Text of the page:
Czech President alleges Romani people "do not want to work" and that "slapping them" is the best way to deal with them
Czech President Miloš Zeman recently visited the Olomouc Region and spoke at a public meeting in Kojetín during which he insulted Romani people, saying in the context of unemployment that it was absolutely clear "who" the 5 % of people without work in Kojetín are. He then went on to praise the example of the pre-1989 totalitarian era, when Romani people "had to work" and would be imprisoned if they did not.
News server Seznam Zprávy first reported on the President's racist speech yesterday. "I am decidedly no friend of communism, but during communism Romani people had to work," Zeman said in Kojetín during his three-day visit to the region.
"Most of them worked as ditch-diggers, and if they refused to work, they were designated as work-shy and went to prison," the President said. "The Romani labor platoons were led by Romani men who had natural authority."
"If somebody on their team didn't work, they slapped him around. It's a very humane method that worked most of the time," the President said, to which Olomouc Regional Governor Ladislav Okleštěk and Mayor of Kojetín Jiří Šírek responded by laughing.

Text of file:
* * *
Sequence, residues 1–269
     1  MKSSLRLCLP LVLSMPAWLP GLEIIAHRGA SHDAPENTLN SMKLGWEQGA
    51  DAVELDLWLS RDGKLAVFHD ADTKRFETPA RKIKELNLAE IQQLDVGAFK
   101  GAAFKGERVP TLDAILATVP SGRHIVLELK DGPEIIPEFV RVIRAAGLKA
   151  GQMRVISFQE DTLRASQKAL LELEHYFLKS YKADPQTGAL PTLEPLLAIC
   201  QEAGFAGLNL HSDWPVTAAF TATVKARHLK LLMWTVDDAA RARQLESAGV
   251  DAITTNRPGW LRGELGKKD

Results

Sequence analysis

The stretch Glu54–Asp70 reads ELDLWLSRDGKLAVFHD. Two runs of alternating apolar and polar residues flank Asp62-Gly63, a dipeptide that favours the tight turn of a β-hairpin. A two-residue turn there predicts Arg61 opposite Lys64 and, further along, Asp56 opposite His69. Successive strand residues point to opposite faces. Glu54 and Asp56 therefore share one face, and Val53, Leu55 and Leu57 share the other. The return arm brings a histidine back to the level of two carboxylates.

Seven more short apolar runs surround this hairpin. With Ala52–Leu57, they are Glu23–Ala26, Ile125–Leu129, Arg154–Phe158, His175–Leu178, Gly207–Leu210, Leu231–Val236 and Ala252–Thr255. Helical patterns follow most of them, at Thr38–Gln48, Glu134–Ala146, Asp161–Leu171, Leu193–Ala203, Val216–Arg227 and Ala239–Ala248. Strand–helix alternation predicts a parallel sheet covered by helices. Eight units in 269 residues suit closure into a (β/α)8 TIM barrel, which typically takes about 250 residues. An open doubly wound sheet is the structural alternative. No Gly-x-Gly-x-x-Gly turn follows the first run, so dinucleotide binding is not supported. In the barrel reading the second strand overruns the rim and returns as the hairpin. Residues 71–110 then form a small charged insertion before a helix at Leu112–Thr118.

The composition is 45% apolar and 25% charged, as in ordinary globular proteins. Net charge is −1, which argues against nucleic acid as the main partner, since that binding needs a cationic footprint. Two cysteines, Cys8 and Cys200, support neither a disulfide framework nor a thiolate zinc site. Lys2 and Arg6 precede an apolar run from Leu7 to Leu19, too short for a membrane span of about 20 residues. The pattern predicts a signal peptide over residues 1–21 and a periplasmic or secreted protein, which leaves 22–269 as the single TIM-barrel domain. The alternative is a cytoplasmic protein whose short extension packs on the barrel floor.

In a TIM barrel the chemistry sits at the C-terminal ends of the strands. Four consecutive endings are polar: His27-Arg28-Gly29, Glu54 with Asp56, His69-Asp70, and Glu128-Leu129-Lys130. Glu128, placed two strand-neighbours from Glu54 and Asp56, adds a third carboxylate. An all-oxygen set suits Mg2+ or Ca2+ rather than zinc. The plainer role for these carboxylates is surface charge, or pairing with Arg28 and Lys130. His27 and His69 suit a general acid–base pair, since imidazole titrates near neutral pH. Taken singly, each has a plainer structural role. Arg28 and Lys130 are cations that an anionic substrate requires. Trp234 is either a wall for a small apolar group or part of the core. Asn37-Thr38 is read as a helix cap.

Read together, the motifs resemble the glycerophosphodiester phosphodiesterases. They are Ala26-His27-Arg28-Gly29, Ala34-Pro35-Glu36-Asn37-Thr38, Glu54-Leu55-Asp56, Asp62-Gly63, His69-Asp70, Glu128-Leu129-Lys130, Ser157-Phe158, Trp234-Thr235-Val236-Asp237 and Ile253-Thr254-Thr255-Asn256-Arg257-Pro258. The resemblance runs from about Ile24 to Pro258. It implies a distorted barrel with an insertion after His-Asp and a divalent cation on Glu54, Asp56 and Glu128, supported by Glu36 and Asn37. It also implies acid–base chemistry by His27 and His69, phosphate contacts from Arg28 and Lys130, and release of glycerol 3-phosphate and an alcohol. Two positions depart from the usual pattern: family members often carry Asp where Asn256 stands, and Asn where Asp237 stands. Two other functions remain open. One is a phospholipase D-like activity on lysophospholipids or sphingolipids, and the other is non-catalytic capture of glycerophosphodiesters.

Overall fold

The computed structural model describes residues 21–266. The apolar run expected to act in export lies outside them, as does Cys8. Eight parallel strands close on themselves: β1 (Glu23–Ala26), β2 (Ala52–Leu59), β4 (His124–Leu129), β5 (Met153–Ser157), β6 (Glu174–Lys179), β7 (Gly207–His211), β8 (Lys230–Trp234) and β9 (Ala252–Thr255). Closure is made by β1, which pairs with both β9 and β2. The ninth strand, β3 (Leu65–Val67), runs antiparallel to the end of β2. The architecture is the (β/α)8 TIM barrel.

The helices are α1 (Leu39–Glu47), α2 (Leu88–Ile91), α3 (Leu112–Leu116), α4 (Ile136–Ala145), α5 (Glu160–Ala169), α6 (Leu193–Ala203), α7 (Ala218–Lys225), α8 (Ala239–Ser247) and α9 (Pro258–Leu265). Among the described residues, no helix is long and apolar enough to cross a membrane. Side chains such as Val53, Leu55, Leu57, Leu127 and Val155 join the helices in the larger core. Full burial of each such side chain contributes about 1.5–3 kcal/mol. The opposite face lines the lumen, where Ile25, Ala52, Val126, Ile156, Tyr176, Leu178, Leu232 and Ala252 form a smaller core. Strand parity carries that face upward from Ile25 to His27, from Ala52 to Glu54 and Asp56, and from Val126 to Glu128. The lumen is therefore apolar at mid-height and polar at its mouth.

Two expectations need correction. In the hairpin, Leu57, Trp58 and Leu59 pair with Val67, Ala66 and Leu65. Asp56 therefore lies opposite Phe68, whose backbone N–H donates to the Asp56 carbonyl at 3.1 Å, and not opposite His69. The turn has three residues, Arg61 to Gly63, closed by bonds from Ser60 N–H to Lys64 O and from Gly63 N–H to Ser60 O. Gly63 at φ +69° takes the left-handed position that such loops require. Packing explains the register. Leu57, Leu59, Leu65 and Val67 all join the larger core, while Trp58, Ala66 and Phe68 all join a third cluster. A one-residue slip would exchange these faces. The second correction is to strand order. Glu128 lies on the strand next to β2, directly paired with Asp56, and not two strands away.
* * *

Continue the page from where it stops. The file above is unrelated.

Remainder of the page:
This is not the first time the current President has verbally abused Romani people - in November 2017, speaking on the television program "This Week with the President", which is regularly broadcast by the Barrandov cable television station, Zeman alleged that 90 % of the "inadaptable citizens" of the Czech Republic are from the Romani minority and just 10 % are "white drifters". Speaking on the same program in June 2017, he cast doubt on whether the state should buy out the industrial pig farm in Lety u Písku that had been built at the site of a former concentration camp for Romani people during the Second World War.
On that occasion Zeman deceptively alleged that demolition of the farm would cost the public a billion crowns. He was also together with Regional Governor Okleštěk when he decided to cast doubt on whether a physical attack committed against an African man on a tram in Prague by football hooligans had been racist in nature.
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